Ricciardo: It’s still not where we want to be


Daniel Ricciardo fluffed his lines at the start of the Monaco Grand Prix, but the Red Bull driver kept his cool and drove another impressive race to finish third, ending his race challenging hard for second place and clearly the quickest driver in the closing stages of Formula 1’s most prestigious event. He spoke afterwards;

Daniel, tell us a little bit about your race. You were in third for a while, then the pit stops, tell us a little about your strategy.
Daniel Ricciardo: Firstly, it’s really nice to be up here on the podium in Monaco. The start was not great, I dropped back to fifth actually. A bit of frustration but then we saw Vettel had a problem, so we were able to get fourth and then we saw that Raikkonen had a puncture [behind] one of the Safety Cars. So we sort of inherited third after a poor start…

You got very close to Lewis. You were right on his gearbox at the end?
DR: At the end we really closed in. I believe he had an issue. We tried to put some pressure on but in the end third was the best we could do.

Your first Monaco podium. Can you describe your feelings about that and looking back across Qualifying and the race is there any way you could have got a better result than the one you got today.
DR: To describe the feeling, it’s really nice to be up here. Could we have done better? I don’t know. I felt yesterday that we left a little bit of lap time on there. Where that would have jumped on the grid, who knows. After that, the race itself – the start was not good, not what I wanted. I actually dropped back to fifth and then Seb had his problems, still not sure what, but pretty evident that he had problems when he slowed on the straight. Then Raikkonen I saw got a puncture under the safety car, so I got third and then pretty much was just trying to maintain the gap behind me to Alonso. Then when I thought there was enough or the right amount of laps left before the end to push and not really save tyres anymore, I did and went for it. We got close to at least one of the Mercedes at the end but you know what it’s like around here, it’s quite hard to pass. Tried to put a bit of pressure on but third was the best we could do but not a bad day.

From what we have seen today from Red Bull, are you going to have the pace to challenge Mercedes in Montreal in two weeks?
DR: I think, yeah, we closed up a bit here in Monaco which we knew would be our best chance up until now. This circuit definitely suits our package a bit better than previous circuits – we still didn’t finish in front so, unfortunately, it’s still not where we want to be. Montreal is still a street circuit but unfortunately the straights go on a little bit longer there so we’re still down a little bit in that area, which I think that everyone’s aware of and we’ve made progress. Whether it will be enough by then, honestly, probably not but we are closing the gap so, that’s all we can ask for, for now, and just keep chipping away at it and be patient. I’m sure a bit of perseverance as well and we’ll get there.

For sure as a driver you must trust in yourself but in any moment did you believe you could beat Vettel in the way this season you are beating him in Qualifying and the race?
DR: I didn’t really have any visions exactly on how it would go, what the race results would be or what the qualifying score would be – but I knew that I have some talent and obviously [I’ve] got a bit of experience now in Formula One. So, every year, even every six month period I feel I’m still growing and getting better as a driver as well so, I knew coming into the season with the team behind me and sort of a new opportunity, that I would be able to challenge Seb. Did I think it would be going, let’s say, as well as it was now? I don’t know. But I knew if I had everything underneath me I’d be capable of getting the results. So, fortunately the team saw that as well, back in September, I think, last year. So, it’s coming good.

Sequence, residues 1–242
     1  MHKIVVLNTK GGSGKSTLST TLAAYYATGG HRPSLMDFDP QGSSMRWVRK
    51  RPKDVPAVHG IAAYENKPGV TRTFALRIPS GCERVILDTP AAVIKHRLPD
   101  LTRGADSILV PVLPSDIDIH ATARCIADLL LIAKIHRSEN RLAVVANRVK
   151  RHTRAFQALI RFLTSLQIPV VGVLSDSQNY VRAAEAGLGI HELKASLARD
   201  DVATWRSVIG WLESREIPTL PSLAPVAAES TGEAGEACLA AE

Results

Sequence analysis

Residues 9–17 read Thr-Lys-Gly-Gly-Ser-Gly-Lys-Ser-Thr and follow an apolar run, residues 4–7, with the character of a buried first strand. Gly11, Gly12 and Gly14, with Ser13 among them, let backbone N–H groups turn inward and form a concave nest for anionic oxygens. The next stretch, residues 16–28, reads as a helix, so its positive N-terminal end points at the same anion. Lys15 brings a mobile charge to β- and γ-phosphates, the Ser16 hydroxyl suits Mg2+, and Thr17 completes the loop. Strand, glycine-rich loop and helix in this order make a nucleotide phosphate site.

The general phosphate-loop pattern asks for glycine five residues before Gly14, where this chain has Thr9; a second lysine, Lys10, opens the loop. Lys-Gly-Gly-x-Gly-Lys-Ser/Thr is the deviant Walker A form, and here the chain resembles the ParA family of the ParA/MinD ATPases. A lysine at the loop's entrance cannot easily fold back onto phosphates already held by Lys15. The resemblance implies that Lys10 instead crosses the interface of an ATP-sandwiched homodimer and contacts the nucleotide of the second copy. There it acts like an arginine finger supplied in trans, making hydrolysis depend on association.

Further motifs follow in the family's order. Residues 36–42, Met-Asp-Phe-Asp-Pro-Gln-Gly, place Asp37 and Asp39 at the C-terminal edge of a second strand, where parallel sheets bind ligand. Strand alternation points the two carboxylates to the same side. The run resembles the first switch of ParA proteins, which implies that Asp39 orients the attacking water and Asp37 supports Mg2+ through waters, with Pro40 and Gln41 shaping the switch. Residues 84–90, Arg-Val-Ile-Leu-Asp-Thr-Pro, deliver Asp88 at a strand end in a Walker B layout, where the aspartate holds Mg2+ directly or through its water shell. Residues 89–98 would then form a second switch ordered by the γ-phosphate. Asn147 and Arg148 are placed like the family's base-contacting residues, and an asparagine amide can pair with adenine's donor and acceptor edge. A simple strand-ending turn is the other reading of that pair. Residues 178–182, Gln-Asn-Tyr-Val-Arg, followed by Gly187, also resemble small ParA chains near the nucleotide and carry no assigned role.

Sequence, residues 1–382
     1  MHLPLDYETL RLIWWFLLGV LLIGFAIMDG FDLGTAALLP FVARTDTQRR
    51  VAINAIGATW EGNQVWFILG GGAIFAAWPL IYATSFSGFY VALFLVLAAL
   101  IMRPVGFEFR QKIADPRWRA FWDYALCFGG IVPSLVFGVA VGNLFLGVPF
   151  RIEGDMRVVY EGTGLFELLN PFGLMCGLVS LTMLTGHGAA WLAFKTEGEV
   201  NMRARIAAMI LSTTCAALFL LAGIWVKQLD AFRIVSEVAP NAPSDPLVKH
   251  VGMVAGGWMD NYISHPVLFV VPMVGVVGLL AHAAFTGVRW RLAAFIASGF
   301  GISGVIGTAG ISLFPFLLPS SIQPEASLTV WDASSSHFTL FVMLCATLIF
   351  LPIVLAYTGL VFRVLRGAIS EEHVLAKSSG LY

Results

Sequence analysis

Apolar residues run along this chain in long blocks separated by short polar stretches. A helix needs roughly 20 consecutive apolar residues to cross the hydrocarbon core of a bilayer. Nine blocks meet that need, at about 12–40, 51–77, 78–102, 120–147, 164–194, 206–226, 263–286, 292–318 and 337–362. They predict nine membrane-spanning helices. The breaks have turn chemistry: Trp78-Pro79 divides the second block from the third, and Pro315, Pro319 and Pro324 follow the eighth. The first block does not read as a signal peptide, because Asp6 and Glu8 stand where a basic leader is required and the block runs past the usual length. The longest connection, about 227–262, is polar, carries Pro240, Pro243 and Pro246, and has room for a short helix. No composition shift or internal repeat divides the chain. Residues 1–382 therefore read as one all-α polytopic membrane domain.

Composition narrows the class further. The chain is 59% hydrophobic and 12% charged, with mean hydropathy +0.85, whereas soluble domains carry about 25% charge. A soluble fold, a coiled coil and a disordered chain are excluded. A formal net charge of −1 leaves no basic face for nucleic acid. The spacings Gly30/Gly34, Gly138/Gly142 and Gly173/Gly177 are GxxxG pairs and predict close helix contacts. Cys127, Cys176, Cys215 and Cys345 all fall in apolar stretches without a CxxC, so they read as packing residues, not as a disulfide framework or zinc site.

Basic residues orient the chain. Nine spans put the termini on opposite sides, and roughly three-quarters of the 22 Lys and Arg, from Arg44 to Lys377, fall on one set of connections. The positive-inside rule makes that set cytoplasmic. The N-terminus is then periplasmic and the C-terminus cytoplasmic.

You said yesterday that there was a little bit left on the table in terms of Qualifying. Do you think that there was a little bit left on the table still in the race, and was there was there any point – you got pretty close to Lewis at the end there – when you were going to go for it and then maybe not – don’t want to risk it? What was the thinking in those last few laps?
DR: Everyone was trying to do a one stop today; it’s a bit of a weird one, you don’t really push much of the race because, especially after the first pit stop, we still had a long way to go, so you’re in two minds: do I push or do I just try and hold the guy off and get to the end. By the time we’d got 15/20 laps to go I knew the tyres were going to last so then I could actually start my race, so to speak, and then start to set some quicker times. We caught Lewis, the team said I was going to catch him, the pace was good so I knew I was eventually going to get on to him. Knowing it’s hard to pass around here, I wasn’t…I don’t know. I was just waiting to see what happened but I wasn’t just going to settle for third. Obviously in the end I did but if there was a clean move to be taken then yeah, I would have taken it.

The race has just finished; I was wondering what racing gives you, is it freedom of expression, a way to express yourself, adrenalin?
DR: I get…honestly, freedom is definitely one thing. I remember when I first hopped in a go-kart as a kid, just being in control and not having anyone else in your space and then going at speed was a sense of freedom definitely. It’s nice as well, particularly with everything that happens around F1, all the media and everything else – when you hop in the car, it’s just you and the car and occasionally you have an engineer on the radio but it’s just you so definitely a sense of freedom along with a wicked adrenalin.

Subbed by AJN.